--name "track" \
--prefix "Track"

Make sure to also add the authentication step, as we did for the other queries.

The GraphQL API is ready

And that’s it. We now have a working GraphQL API deployed. Let’s query it from our React Native app.

Setup Apollo Client

To query the GraphQL API we will use Apollo Client. Let’s install it first:

BASH
npx expo install @apollo/client graphql

Create a new Provider (src/providers/ApolloClientProvider.tsx) and set up the Apollo client to connect to our StepZen API.

TYPESCRIPT
import { ApolloClient, InMemoryCache, ApolloProvider } from '@apollo/client';
import { PropsWithChildren } from 'react';
const client = new ApolloClient({
uri: 'https://<ACCOUNT_NAME>.stepzen.net/api/<ENDPOINT_NAME>/__graphql',
headers: {
Authorization:
'apikey <YOUR_API_KEY>',
},
cache: new InMemoryCache(),
});
const ApolloClientProvider = ({ children }: PropsWithChildren) => {
return <ApolloProvider client={client}>{children}</ApolloProvider>;
};
export default ApolloClientProvider;

Make sure to import it inside src/app/(tabs)/_layout.tsx and wrap our <Stack> Navigator inside it.

TYPESCRIPT
return (
<ThemeProvider value={colorScheme === 'dark' ? DarkTheme : DefaultTheme}>
<ApolloClientProvider>
<PlayerProvider>
<Stack>
<Stack.Screen name="(tabs)" options={{ headerShown: false }} />
<Stack.Screen name="modal" options={{ presentation: 'modal' }} />
</Stack>
</PlayerProvider>
</ApolloClientProvider>
</ThemeProvider>
);

Query the recommendations

Inside src/app/(tabs)/index.tsx, we will query the recommendation list from our API

TYPESCRIPT
...
import { gql, useQuery } from '@apollo/client';
const query = gql`
query MyQuery($genres: String!) {
recommendations(seed_genres: $genres) {
tracks {
id
name
preview_url
artists {
id
name
}
album {
id
name
images {
url
height
width
}
}
}
}
}
`;
export default function HomeScreen() {
const { data, loading, error } = useQuery(query, {
variables: { genres: 'pop' },
});
if (loading) {
return <ActivityIndicator />;
}
if (error) {
return <Text>Failed to fetch recommendations. {error.message}</Text>;
}
const tracks = data?.recommendations?.tracks || [];
return (
<FlatList
data={tracks}
renderItem={({ item }) => <TrackListItem track={item} />}
/>
);
}

Now you should see a list of tracks coming directly from the API. You can change the genres strings to get recommendations from a different genre (see here available genres)

Now that you know how to set up queries and execute them, go ahead and implement the search query on the Search screen.

Saving favorite songs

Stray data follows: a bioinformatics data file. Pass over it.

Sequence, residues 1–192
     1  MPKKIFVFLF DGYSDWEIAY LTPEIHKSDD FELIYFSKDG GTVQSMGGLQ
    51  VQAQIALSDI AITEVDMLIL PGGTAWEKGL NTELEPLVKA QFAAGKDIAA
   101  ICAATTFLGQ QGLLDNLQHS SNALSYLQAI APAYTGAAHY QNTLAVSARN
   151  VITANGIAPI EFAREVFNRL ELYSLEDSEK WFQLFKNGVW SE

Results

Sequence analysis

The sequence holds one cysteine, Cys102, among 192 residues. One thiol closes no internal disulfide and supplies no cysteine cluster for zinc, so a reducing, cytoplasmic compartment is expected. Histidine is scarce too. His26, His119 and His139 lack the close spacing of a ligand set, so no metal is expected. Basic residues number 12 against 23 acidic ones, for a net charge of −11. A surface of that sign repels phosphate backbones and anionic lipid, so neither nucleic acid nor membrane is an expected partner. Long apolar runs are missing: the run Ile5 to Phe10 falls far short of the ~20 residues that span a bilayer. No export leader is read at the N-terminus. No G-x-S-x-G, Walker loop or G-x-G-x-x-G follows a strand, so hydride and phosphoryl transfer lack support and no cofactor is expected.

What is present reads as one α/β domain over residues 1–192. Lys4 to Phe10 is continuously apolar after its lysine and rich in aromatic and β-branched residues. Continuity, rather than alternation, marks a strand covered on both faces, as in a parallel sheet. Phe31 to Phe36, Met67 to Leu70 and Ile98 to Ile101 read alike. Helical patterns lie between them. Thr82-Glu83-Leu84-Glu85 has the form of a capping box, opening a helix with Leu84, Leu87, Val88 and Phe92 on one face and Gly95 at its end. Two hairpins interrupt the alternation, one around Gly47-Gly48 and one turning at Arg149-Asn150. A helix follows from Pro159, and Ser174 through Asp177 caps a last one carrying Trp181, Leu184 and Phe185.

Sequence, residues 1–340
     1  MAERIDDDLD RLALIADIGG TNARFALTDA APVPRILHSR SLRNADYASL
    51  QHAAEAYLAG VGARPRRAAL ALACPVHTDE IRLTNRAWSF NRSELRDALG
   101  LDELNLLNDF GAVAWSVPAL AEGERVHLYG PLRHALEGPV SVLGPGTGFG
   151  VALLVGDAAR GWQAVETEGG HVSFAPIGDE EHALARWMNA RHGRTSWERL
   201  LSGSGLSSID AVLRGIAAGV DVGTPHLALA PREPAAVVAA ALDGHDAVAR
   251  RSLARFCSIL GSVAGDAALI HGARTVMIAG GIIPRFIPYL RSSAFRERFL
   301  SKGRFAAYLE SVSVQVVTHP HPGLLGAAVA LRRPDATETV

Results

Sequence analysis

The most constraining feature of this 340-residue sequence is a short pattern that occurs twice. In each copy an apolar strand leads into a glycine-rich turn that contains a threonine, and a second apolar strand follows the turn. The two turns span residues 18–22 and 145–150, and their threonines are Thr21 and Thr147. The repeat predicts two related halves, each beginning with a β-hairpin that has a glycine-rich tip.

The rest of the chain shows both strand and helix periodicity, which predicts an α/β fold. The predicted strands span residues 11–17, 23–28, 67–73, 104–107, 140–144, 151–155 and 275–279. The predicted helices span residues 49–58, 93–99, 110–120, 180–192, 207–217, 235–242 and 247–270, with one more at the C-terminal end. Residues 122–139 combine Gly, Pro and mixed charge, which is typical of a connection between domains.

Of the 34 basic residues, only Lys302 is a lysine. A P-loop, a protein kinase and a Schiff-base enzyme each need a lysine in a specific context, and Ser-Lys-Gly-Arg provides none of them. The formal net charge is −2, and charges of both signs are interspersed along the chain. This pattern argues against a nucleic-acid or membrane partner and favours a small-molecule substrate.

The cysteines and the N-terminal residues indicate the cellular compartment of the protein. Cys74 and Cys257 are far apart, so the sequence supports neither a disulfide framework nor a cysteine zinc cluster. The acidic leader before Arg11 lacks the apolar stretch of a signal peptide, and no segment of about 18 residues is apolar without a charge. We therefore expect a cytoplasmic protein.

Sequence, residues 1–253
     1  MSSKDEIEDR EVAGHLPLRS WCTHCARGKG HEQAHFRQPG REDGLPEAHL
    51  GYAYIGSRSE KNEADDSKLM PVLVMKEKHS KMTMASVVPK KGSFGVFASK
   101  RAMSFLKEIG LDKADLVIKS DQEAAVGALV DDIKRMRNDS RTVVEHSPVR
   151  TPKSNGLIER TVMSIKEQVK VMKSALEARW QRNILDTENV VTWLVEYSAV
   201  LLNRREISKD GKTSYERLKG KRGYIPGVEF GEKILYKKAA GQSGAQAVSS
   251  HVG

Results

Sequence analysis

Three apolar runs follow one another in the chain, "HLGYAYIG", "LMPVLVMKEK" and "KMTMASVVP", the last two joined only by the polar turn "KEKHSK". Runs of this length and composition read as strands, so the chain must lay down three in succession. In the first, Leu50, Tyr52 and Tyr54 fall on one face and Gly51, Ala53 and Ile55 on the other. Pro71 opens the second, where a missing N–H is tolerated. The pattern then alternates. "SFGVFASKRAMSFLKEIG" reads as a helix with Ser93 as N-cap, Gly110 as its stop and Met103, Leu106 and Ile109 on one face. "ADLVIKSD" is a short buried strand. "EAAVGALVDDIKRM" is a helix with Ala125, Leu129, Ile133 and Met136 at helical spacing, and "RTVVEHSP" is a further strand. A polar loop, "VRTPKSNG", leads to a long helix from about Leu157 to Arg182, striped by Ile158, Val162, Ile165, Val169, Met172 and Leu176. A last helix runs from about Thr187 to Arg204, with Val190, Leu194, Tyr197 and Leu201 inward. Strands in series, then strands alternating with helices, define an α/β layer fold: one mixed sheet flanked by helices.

In a lot of cases, when you integrate with a public API like Spotify, you most probably want to add some custom features to your app, not just fetch data from the API.

Let’s explore how this can be accomplished with our stack by implementing the possibility of saving favorite songs in a list. You can also extend this example and implement playlists.

First of all, we will need a database. Let’s use PostgreSQL, which is a powerful relational database.

There are multiple options to host a PostgreSQL database. You can run it locally on your machine, you can host it on a server or use a managed solution like AWS RDS, or you can use a service that can simplify the whole process.

For this tutorial, we can use Neon.tech. I found it really easy and intuitive to set up and interact with your database, and they also offer a generous free tier.

Sign up and create a new project. Now we have a PostgreSQL database ready.

Untitled.png

Create a new table

Our database is still empty. Let’s create a table that will keep the information about the favorite songs of users..

Open the SQL Editor page inside the Neon console, and paste the next SQL Query.

SQL
CREATE TABLE Favorites (
id BIGINT GENERATED BY DEFAULT AS IDENTITY PRIMARY KEY,
userid VARCHAR(255),
trackid VARCHAR(255)
);

Connect StepZen to PostgreSQL

Let’s go back to our stepzen folder, open a terminal, and use the same magic import command.

BASH
stepzen import postgresql

It will ask the connection details that you can take from Neon dashboard. If you use correctly the credentials, you should see a new folder inside StepZen. It contains some pre-defined queries and mutations to add and remove favorite songs.

We can also add some custom mutations that will execute an SQL query. For example, if we want to delete a favorite song for a specific user, we will need the following mutation

SQL
deleteFavoriteTrackForUser(userId: String!, trackId: String!): Favorites
@dbquery(
type: "postgresql"
schema: "public"
query: """
DELETE FROM "favorites" WHERE "userid" = $1 AND "trackid" = $2;
"""
configuration: "postgresql_config"
)

Connect data models using @materializer

The problem is that the favorite query only returns IDs. And if we want to render a list of favorite songs, we would have to run multiple queries from the front end to get the details of every song. But that’s the whole point we chose to use GraphQL. To avoid under-fetching.

We can use @materializer directive from StepZen to connect together models by linking them with different queries. For example, knowing the trackid from the Favorite type, we can run the getTrack query to also add the information about the Track.

SQL
type Favorites {
id: ID!
trackid: String
userid: String
track: TrackResponse
@materializer(
query: "getTrack"
arguments: [{ name: "trackId", field: "trackid" }]
)
}

Now, we can query all the data with one single query.

Congrats 🎉

That was a long one but I am sure there was a lot to learn from building this Full Stack Spotify Clone.